Uniform Capitalization Rules (UNICAP)-IRC Section 263A
What Are the Uniform Capitalization Rules?
Section 263A of the Internal Revenue Code deals with the capitalization and inclusion of certain costs in inventory.
- Manufacturers must include the cost of direct labor and materials and certain indirect costs related to overhead in the cost of finished goods.
- Merchants who purchase inventory for resale must include acquisition costs, such as shipping expenses, in the cost of goods sold.
However, under Revenue Procedure 2002-28, for taxpayers exempted from using the accrual method, the uniform capitalization rules under IRC Section 263A do not apply.
Revenue Procedure 2002-28 allows inventoriable items to be accounted for as nonincidental materials and supplies under Reg. 1.162-3.
What it Means to Capitalize a Cost
To capitalize a cost simply means you do not take an immediate deduction for the cost of the item(s). Instead, you initially set up the cost in your books as an asset by debiting the cost to an asset account such as an Inventory account. The cost in the inventory account is eventually expensed when the inventory is sold.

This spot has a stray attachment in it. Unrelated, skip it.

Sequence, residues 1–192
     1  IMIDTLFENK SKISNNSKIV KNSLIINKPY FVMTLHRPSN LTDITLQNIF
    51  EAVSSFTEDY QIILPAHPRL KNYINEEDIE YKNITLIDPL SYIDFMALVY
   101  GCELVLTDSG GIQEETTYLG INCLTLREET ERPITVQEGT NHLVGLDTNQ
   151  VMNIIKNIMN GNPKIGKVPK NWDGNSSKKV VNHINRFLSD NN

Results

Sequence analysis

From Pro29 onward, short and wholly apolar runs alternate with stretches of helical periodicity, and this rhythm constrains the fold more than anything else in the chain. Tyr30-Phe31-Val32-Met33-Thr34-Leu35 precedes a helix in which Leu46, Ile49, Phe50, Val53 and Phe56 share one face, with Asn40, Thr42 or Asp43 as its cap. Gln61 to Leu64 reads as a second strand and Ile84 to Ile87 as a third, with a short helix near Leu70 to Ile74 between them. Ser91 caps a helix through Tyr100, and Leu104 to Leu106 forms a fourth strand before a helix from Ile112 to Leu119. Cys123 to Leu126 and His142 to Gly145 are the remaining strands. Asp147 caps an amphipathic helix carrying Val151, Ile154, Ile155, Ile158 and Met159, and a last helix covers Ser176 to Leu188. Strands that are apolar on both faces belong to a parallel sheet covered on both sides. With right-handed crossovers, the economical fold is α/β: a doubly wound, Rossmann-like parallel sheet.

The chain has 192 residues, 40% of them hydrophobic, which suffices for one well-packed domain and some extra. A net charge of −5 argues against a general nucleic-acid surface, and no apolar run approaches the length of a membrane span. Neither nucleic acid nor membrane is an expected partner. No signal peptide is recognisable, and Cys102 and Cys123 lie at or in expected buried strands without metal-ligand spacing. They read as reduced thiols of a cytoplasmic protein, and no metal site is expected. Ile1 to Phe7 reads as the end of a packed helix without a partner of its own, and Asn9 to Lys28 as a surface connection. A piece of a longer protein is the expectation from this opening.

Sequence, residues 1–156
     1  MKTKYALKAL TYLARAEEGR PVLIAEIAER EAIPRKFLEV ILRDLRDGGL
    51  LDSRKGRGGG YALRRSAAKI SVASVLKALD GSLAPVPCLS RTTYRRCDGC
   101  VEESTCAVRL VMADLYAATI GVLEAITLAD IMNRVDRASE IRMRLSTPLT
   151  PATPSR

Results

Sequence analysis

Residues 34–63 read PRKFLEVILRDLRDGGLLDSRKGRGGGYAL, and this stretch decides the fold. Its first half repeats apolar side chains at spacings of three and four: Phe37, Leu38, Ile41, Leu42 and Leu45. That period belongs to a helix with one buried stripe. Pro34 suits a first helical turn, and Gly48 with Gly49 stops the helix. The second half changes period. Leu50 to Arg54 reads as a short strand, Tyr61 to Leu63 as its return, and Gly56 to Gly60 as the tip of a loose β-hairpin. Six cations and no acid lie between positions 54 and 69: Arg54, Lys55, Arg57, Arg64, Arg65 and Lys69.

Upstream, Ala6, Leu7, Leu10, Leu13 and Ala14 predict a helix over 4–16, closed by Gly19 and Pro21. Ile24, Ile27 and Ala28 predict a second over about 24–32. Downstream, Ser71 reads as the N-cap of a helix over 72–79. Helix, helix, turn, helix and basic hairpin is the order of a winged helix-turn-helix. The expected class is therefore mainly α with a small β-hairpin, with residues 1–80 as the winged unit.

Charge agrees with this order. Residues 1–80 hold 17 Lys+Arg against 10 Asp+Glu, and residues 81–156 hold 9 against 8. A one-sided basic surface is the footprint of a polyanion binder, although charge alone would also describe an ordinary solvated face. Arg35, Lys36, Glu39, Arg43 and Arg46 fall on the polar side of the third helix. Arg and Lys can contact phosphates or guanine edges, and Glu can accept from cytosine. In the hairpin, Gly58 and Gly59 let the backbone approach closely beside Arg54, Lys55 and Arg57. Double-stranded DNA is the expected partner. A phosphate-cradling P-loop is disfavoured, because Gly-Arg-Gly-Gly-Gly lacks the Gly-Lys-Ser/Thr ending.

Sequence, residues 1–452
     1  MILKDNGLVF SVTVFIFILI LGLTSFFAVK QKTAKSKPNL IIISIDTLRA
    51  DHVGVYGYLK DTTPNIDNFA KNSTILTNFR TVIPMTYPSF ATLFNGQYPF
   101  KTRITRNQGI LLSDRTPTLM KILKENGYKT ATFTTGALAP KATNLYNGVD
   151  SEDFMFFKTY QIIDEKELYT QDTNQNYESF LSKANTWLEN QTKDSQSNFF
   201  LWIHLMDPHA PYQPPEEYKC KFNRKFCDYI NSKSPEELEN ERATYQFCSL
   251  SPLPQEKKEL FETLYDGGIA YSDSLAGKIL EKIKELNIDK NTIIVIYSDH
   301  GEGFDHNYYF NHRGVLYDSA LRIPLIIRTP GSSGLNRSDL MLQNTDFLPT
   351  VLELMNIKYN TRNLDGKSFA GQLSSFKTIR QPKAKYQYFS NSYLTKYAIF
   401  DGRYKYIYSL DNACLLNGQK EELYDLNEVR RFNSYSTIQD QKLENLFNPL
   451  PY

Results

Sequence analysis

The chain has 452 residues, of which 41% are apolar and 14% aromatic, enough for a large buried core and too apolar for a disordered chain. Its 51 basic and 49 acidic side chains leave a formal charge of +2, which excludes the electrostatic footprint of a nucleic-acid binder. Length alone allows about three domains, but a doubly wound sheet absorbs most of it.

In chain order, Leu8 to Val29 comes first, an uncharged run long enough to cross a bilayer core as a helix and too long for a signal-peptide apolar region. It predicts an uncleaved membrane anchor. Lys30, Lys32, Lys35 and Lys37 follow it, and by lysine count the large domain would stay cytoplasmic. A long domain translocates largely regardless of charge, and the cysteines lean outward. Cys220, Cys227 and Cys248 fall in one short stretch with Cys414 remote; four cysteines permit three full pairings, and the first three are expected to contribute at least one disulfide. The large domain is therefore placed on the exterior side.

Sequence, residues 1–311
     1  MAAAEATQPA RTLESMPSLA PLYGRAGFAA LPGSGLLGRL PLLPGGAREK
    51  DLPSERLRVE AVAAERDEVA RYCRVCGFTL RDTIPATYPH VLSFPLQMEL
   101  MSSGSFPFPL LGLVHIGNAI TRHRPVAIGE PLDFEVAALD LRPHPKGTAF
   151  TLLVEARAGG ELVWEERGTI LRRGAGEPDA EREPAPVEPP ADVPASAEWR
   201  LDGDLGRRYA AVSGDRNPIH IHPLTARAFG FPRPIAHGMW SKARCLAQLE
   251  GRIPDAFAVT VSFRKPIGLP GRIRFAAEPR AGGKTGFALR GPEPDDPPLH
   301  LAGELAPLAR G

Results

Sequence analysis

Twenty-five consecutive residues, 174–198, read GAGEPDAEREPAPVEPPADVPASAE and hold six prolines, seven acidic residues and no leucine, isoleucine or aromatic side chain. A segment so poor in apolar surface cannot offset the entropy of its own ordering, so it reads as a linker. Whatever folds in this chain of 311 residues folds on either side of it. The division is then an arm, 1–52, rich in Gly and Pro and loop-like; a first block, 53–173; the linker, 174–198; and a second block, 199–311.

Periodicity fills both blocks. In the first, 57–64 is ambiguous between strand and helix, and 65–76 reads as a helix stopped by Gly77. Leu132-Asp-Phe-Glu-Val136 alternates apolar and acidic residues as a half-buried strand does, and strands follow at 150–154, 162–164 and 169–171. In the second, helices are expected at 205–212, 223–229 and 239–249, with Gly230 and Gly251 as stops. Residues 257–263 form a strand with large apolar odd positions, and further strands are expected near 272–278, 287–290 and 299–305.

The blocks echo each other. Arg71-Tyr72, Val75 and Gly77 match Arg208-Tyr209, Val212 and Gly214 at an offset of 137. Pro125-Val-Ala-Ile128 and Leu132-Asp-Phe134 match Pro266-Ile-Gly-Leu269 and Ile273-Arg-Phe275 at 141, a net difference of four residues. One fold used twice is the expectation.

Inventory that is sold is debited to the cost of goods sold account.
- You purchase $5,000 worth of T-shirts for resale.
- You pay cash for the T-shirts.
- All the T-shirts are sod.
- Initially, you debit the Inventory account (an asset account) for $5,000
- You credit the cash account for $5,000 to record the payment.
- There are no T-shirts left in your inventory.
- You debit the Cost of Goods Sold account for your cost, $5,000
- You credit the Inventory account for $5,000.
The above entries transfer the $5,000 carried in the asset account (Inventory) to the expense account (Cost of Goods Sold).